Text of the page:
I am on the commission, and Joe Field chairs it and has been a strong voice against use of the franchise fee as so far drafted by staff and presented council - something the council collectively last night agreed needed review since it was clearly problematic as things stood going into that meeting. I have not researched it. I will.

However, for now, in anticipation of the Charter Commission meeting, my state of mind is to advocate a provision to Charter Chap. 7:

Section 7.13 Franchise Fee Bill of Rights.

Regardless of any State of Minnesota permissions, City of Ramsey shall not use a franchise fee as a revenue generation process.

That as a starting point of what I believe to be good policy, with, however, a willingness to consider:

Section 7.13 Franchise Fee Bill of Rights.

Regardless of any State of Minnesota permissions, City of Ramsey shall not use a franchise fee as a revenue generation process, unless and until levy limits have been reached in taxing property to support the general fund and a deficit exists between general fund revenue and necessary expenditures. If ever imposed, franchise fee revenue generation shall not be structured in a way proportionately more onerous on the poor and those facing hardship than on those of greater means and greater capacity to pay.

Those two alternatives do express what I believe to be good policy, with the latter being more permissive toward government flexibility than the former.

I have discussed none of this with any others on the Charter Commission, yet I have a feeling that such an approach could, on that body, grow legs. Approaches may differ, but my hope would be that use of a franchise fee, i.e., regressive indirect taxation of the citizenry, would be generally disfavored among Commission members.

As I said at the outset and after learning of $1.3 million levy-slack and porn-store spending mischief, (not pushing levy limits and buying and tearing down the porn store while the city roads south of it may need serious upkeep - censorship hardly being a public function but something that got some judgmental folks' drawers in a bind), all that, and then the staff/council cooks up franchise fee stuff.

I am pissed. It's not quality government. It appears indirect taxation is favored by people who rode onto council as something of a reform group. Not good.

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Hit levy limits, and then and only then ask for more, and justify it at that point. And in the process, why not roll the EDA budget and HRA budget into general fund allocations without resort to separate levy impositions, and as a Bill of Rights matter, disallow separate and independent levies so as to bypass levy limits?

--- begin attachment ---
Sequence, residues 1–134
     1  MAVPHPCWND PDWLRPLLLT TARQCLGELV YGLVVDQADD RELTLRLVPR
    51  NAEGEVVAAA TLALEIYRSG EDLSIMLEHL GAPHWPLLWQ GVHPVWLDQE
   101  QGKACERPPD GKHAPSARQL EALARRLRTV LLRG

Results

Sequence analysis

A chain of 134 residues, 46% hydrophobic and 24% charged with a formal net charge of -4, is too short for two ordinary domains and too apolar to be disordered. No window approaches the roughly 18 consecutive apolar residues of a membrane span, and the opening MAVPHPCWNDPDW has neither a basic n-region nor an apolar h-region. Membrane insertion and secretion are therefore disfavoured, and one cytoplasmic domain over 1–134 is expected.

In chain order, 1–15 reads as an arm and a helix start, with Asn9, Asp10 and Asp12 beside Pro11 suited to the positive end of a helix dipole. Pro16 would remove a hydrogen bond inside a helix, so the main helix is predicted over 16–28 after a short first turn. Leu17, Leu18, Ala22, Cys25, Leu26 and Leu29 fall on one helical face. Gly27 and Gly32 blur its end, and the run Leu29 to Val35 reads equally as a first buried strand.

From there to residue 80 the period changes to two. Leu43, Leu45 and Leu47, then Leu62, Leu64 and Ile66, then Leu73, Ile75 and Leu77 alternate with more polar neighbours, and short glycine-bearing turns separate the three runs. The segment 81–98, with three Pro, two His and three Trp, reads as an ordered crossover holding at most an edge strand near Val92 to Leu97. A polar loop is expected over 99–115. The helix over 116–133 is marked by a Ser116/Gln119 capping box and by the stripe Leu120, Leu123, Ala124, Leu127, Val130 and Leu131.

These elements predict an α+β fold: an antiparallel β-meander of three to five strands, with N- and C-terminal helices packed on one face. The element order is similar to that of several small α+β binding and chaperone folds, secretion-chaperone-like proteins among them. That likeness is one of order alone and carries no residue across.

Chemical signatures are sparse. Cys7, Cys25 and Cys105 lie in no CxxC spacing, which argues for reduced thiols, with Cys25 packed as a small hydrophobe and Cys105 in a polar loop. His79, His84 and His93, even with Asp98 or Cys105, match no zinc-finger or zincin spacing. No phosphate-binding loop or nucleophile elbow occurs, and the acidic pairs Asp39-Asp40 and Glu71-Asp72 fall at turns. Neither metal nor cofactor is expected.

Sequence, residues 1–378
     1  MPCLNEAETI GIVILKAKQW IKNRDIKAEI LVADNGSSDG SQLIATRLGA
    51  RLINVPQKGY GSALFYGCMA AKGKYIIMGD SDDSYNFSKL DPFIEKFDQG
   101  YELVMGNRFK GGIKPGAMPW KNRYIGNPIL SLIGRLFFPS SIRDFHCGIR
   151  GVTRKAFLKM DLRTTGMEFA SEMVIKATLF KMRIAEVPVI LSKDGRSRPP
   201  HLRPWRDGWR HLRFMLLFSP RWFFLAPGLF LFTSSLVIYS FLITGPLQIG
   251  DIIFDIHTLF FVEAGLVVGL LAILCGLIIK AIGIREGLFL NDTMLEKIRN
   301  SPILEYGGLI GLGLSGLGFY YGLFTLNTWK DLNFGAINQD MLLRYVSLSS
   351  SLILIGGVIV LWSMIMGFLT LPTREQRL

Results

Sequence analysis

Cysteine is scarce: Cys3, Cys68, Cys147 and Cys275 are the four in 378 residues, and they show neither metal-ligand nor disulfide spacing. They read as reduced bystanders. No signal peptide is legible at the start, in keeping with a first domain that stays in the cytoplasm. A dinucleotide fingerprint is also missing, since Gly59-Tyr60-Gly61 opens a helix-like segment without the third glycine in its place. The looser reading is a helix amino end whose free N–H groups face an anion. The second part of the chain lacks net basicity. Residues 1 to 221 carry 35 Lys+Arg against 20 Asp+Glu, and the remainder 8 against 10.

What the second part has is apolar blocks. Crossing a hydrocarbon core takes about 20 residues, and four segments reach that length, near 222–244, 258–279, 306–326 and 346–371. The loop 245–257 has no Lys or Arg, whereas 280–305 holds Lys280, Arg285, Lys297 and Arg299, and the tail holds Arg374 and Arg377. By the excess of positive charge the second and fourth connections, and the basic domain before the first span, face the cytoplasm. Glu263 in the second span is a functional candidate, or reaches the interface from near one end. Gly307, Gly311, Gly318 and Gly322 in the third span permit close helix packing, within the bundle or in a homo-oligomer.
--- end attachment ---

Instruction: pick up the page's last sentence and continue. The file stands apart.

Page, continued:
An interesting point to consider: The Charter has "boards and commissions" language, but is silent on "Authorities" while the City under James Norman's administrative tenure gave birth to an EDA and an HRA and there was quelled contemplation afoot even of creating a "Port Authority" while we, after all, have no port. Figure that one out.

That IS history, and I see no cause to face the doom of repeating it. One bug in my bonnet for wanting onto the Charter Commission was to figure an appropriate place in the document to add:

The City shall not create or use a Port Authority.

That can wait. Franchise fee consideration is the issue of the day.


______________UPDATE_______________
A third alternative of a Charter Section 7.13 might read:

Section 7.13 Franchise Fee Bill of Rights.

Regardless of any State of Minnesota permissions, City of Ramsey shall not use a franchise fee as a revenue generation process, unless and until levy limits have been reached in taxing property to support the general fund and a deficit exists between general fund revenue and necessary expenditures. If ever imposed, franchise fee revenue generation shall not be structured in a way proportionately more onerous on the poor and those facing hardship than on those of greater means and greater capacity to pay. Accordingly, in negotiation of franchise grants to energy providers City representatives in negotiation shall mandate as a contract condition of a franchise grant that disproportionate impact on the poor and destitute shall not happen in any franchise fee pass-through from the franchisee to the energy-consuming public.

In that fashion, the City would have flexibility to structure its fee to the franchisee in any manner convenient, but with the utility then obligated to assure fairness.